Sunday, February 14, 2016

Writing About Love by Eileen Obser

            In honor of Valentine’s Day I went on the computer, into my files, and to the bookshelves searching for quotes about love from writers much more famous than myself. I’ve published essays, short stories and poetry over the years and, in 2014, Oak Tree Press published Only You, a memoir about my teenage years and early, unhappy marriage, love and lack of love included. I’m working on another memoir right now, and a short novel and yes, love with its joys, frustrations and disappointments appear in both; from my real life experiences and my fictional viewpoint, but not with the intensity of memorable lines such as these:

            “When you love something it loves you back in whatever way it has to love.”

            - John Knowles, A Separate Peace

            “My affections and wishes are unchanged, but one word from you will silence me on this subject forever.” – Jane Austen, Pride and Prejudice

            “You and I, it’s as though we have been taught to kiss in heaven and sent down to earth together, to see if we know what we were taught.”  Boris Pasternak, Doctor Zhivago

            “You don’t love someone because they’re perfect, you love them in spite of the fact that they’re not.” – Jodi Picoult, My Sister’s Keeper

            I am a tireless researcher, and because the subject of love is always intriguing, I have just amassed some 100 or more quotes that I hope to somehow put to use.

            On one website I read, “Though most of our favorite writers have had less than perfect love lives, there’s something to be said for their insight into the elusive and complex world of romance. Is it their ability to describe human nature so clearly that lends their observations an air of wisdom?”

            Good question. Last year I reread The Year of Magical Thinking by Joan Didion, and A Three Dog Life by Abigail Thomas. And right now, my bedtime reading includes One Hundred Names for Love by Diane Ackerman. All three books are powerful, well-written memoirs about love, marriage and loss. As writers we are constantly reading and learning from our fellow writers, both contemporary and classical, and what we learn affects our own writing, whether fiction or nonfiction. I tell my students, all adults and seniors, mostly memoir and personal essay writers, to read the greats; I hand out lists: Coming-of-Age Memoirs, found on Writers and Editors, which also features many other categories of memoirs that I can only hope that these new writers will read and absorb.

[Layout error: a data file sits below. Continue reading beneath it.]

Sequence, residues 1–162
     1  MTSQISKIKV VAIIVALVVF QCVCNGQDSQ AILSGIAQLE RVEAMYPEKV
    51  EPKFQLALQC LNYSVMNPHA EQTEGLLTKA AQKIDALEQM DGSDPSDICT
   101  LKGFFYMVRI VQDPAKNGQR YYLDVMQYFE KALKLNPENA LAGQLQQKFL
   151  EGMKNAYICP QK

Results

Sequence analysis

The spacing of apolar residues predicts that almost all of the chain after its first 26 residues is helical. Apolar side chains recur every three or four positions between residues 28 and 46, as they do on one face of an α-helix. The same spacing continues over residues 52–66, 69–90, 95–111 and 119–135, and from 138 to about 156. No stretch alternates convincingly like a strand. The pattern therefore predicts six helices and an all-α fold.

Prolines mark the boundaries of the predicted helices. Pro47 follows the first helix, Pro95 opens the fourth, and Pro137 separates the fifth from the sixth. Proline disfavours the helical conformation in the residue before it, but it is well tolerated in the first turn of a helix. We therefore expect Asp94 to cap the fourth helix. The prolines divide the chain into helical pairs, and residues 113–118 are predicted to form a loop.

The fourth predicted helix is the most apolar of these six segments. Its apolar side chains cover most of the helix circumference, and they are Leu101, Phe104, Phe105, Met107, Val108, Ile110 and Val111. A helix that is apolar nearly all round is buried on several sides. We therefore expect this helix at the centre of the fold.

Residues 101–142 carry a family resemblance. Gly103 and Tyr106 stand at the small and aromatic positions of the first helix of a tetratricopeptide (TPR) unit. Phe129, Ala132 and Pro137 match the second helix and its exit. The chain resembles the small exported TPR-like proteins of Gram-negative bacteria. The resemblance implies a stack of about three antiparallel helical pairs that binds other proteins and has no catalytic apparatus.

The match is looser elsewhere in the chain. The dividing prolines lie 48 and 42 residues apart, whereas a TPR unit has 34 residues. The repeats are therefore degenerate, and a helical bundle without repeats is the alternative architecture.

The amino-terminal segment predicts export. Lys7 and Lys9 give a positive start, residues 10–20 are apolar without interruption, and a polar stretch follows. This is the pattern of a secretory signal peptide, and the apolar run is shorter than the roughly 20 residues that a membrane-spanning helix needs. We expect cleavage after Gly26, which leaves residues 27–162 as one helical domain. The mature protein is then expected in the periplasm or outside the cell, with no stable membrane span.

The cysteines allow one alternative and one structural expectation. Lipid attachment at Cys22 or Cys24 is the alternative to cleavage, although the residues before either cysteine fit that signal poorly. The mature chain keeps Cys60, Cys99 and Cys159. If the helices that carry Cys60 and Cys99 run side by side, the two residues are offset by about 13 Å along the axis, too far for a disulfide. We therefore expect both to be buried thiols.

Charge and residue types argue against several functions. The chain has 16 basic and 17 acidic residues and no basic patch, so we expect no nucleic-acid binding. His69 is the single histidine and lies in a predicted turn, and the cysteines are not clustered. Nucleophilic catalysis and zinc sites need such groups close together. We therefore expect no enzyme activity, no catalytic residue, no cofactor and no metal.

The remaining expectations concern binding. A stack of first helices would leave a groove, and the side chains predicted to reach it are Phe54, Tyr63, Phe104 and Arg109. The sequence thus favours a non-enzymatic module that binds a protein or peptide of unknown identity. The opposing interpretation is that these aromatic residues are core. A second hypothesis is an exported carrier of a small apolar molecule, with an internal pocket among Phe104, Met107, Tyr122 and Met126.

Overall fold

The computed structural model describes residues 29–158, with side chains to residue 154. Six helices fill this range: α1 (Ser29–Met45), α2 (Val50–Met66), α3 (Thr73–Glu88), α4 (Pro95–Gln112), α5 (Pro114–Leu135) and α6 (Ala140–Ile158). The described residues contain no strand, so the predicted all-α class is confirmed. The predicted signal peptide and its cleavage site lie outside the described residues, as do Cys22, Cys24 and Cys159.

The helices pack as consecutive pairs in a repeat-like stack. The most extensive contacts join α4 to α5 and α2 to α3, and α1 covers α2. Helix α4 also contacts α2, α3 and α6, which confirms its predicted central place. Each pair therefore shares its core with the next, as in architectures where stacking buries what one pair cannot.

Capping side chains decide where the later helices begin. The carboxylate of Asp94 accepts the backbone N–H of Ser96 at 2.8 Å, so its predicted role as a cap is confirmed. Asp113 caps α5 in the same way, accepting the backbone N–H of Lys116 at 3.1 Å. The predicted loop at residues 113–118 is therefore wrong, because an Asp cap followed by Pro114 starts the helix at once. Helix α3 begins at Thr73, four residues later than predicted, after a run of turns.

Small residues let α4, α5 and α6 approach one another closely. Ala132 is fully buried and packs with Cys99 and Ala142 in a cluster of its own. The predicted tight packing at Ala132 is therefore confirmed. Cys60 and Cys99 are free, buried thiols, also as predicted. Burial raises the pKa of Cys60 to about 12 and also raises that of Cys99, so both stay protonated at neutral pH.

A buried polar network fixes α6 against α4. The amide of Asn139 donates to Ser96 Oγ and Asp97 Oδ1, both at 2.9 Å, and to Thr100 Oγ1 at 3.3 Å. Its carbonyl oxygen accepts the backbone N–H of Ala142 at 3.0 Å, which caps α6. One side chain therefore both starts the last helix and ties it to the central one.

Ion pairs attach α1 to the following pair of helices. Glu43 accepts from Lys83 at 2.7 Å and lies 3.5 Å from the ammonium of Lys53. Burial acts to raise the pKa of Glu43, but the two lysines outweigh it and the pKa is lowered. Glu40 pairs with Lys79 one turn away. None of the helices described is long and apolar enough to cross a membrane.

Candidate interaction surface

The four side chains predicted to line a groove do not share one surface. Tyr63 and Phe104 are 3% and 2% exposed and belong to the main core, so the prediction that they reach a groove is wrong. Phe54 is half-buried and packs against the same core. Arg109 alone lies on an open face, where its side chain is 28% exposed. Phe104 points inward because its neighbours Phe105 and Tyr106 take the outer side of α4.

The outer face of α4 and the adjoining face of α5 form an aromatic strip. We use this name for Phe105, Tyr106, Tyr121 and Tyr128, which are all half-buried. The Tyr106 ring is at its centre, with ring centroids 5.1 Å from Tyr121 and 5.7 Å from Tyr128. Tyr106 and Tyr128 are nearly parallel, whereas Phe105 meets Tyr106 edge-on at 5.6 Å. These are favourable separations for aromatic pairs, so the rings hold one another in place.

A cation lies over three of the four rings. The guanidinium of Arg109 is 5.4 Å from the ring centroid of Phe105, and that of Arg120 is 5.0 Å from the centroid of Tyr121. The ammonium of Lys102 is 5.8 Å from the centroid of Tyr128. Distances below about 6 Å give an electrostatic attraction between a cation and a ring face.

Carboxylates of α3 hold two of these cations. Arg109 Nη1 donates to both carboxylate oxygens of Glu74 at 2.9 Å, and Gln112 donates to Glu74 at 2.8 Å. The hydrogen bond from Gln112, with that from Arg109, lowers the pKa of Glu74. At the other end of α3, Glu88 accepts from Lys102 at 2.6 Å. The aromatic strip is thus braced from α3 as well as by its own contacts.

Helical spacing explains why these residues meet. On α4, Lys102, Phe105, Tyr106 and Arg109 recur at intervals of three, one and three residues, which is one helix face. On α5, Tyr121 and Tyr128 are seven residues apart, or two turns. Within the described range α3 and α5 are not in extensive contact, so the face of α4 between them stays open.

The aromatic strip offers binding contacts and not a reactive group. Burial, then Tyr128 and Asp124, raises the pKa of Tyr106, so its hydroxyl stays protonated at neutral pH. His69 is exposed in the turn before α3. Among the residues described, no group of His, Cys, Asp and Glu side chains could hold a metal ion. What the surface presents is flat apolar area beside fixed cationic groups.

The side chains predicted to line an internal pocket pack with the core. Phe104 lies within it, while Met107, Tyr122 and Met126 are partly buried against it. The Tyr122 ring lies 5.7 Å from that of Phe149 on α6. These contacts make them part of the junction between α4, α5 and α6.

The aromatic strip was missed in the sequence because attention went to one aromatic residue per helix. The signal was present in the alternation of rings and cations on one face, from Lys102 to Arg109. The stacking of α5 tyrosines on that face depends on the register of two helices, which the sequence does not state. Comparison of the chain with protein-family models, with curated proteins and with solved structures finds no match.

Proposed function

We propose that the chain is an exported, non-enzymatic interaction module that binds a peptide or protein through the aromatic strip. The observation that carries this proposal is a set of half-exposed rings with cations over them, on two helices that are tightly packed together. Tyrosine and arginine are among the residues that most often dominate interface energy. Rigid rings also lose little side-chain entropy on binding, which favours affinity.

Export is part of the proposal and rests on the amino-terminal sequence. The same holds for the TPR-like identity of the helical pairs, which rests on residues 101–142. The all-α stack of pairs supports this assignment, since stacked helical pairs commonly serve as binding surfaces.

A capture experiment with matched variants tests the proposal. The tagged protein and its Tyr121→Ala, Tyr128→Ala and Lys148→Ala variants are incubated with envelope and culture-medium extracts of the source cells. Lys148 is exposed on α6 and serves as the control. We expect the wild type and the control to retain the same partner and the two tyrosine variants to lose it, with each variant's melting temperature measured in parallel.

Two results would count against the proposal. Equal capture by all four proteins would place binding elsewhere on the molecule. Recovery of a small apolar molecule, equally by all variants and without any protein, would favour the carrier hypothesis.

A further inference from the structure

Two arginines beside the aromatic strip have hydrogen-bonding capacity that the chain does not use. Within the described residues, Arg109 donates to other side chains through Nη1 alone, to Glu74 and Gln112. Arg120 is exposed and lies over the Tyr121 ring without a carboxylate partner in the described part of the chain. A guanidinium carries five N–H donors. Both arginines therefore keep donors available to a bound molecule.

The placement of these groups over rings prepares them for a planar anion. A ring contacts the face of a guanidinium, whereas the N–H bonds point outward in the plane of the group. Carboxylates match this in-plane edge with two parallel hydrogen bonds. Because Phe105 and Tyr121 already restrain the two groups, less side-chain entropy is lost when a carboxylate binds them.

Not all writers are so somber in writing about love, and quotes abound to prove this:

            “All you need is love. But a little chocolate now and then doesn’t hurt.” – Charles Schultz

            “The desire to get married is a basic and primal instinct in women. It’s followed by another primal instinct: the desire to be single again.” – Nora Ephron

            “We’re all a little weird, and life’s a little weird. And when we find someone whose weirdness is compatible with ours, we join up with them and fall in mutual weirdness and call it love.” – Dr. Seuss

            And finally, “Love is a serious mental disease.” – Plato

            I wish a Happy Valentine’s Day to my fellow OTP writers, and to your beloveds.
Eileen Obser -- see my website and find me on Facebook.


Amy Bennett said...

Happy Valentine's Day!

Stephen L. Brayton said...

February 14th. Valentine's Day for some. For me, just another Sunday. Oh well.